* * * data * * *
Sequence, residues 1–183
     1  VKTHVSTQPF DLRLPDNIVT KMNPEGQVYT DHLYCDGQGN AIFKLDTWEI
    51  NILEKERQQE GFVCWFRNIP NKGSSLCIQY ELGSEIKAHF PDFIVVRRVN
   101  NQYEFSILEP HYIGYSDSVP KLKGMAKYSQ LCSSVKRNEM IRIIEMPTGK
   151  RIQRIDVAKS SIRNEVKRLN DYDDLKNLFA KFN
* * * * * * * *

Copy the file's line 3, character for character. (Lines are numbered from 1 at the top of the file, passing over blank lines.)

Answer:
    51  NILEKERQQE GFVCWFRNIP NKGSSLCIQY ELGSEIKAHF PDFIVVRRVN